Thursday, February 01, 2007

The language of liberty

Johann Hari, even by his standards, advances a truly extraordinary argument for bringing back conscription to the armed forces:
" for the draft boils down to two arguments. First off, a draft would change the attitude towards war back home: we would need a lot more persuasion to allow a war to be launched, and we would follow its course much more carefully."
The 'first off' point can be dismissed as simply ahistorical, with the assumption that it would be to insult the intelligence of the reader to illustrate this with examples.

Johann's second point has something to do with the truly bizarre idea that conscript armies are better than professional ones because the former are more easily disposed to mutiny.

It's an odd argument that depends very heavily on a moral calculus that rules out activity on the grounds that you wouldn't want you children to do it.

This won't do. Would you be happy if your child decided teaching in Glasgow was the thing for them? I certainly wouldn't and according to Johann's logic, it follows that there should therefore be no schools in Glasgow...

Hang on, maybe he's got a point here.

No he doesn't. I'm digressing anyway because the more substantive point is the one that has been raised by Chris Dillow in two posts about the way in which the language of liberty is used. I deliberately omitted a word from Johann's original article to reinforce the point: would you believe that he calls his argument for conscription liberal? Chris boils down this 'liberal case for conscription' a little further than Johann and rightly concludes that there isn't one:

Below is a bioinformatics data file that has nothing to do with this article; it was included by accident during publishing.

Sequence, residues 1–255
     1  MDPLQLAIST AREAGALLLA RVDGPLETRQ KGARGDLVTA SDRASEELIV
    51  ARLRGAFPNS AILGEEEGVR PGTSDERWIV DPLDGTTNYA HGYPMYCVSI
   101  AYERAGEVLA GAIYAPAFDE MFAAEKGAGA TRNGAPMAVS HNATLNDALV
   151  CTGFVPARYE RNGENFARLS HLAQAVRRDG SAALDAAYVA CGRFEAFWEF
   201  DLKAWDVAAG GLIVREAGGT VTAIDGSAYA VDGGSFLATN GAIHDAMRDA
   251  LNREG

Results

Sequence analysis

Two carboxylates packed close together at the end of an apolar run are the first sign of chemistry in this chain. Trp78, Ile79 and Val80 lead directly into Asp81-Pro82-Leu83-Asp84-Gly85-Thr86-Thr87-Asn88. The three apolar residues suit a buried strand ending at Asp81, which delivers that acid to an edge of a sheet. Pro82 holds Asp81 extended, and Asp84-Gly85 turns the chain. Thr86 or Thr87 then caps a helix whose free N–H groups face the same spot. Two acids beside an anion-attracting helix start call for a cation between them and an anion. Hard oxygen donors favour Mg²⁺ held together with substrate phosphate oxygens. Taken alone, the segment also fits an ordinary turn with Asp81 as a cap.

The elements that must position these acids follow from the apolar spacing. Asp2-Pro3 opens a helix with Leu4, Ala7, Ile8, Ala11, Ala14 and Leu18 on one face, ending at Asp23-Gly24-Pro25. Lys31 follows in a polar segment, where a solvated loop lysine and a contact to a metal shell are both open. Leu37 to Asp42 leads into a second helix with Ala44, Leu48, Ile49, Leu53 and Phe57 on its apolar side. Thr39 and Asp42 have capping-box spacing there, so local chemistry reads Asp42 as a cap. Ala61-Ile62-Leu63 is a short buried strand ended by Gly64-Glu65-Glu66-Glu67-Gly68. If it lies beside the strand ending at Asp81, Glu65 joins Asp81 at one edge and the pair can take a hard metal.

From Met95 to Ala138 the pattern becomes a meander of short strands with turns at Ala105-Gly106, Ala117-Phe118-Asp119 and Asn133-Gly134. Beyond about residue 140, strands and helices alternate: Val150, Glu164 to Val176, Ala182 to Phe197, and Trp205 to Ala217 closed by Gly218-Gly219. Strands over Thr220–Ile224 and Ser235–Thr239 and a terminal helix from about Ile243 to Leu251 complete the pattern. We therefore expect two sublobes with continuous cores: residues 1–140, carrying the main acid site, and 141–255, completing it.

"There may be a pragmatic case, a conservative case, a socialist case, whatever. But to pretend there can be a liberal case is...a debasement of the language of liberalism."
It's not just a question of sematics because it is important if liberty is to be defended there should be some kind of understanding of what it actually is. The tendency for the word liberty, because of its positive connotations, to become porous and take on meanings that really have to do with justice, equality, welfare or whatever has long been recognised. But it does seem to be getting worse. Look at the way 'libertarian' is used by people who are anything but.

One would hope not but perhaps it's reached the point where it's irretrievable - this being signified in the way that 'liberal' seems to be increasingly used by politicians, pundits and bloggers after the fashion of the American right. For my own part, while I often say things on this space that could be variously, and accurately, described as conservative and social democratic as well as liberal, whenever comments and conversations descend to insults and name-calling, it tends to be the last of these that is used in this way.

Thing is, I'd be happy to accept the compliment - provided it's done accurately.


dearieme said...

Ah, we liberals, Shuggy - dying breed.

Frank Partisan said...

Charles Rangel the Democratic Party senator, along with his party, have raised the idea of conscription in the US. They have brought stupid arguments as the army would be fairer, and it would cause opposition to unjust war. Under all that nonsense, the Democrats are dead serious about conscription.

Anonymous said...

Hari is a fucking idiot and a prick of the highest order.

Always has been. After all he used to post as a contributor at HP Sauce - that tells you all you need to know. Bunch of fratboy cunts the lot of them.

dearieme said...

Today's Telegraph has what might be the perfect quotation on this area, attributed to the late Frank Johnson. "They can't nationalise companies any more, so they've decided to nationalise people."

Anonymous said...

A bit off-topic, but I taught in Glasgow once (Garthamlock) and it was a great experience.
Great kids; very bright.

Anonymous said...

Advocates of National Service rarely if ever consider the effects on the services which would be almost wholly detrimental.

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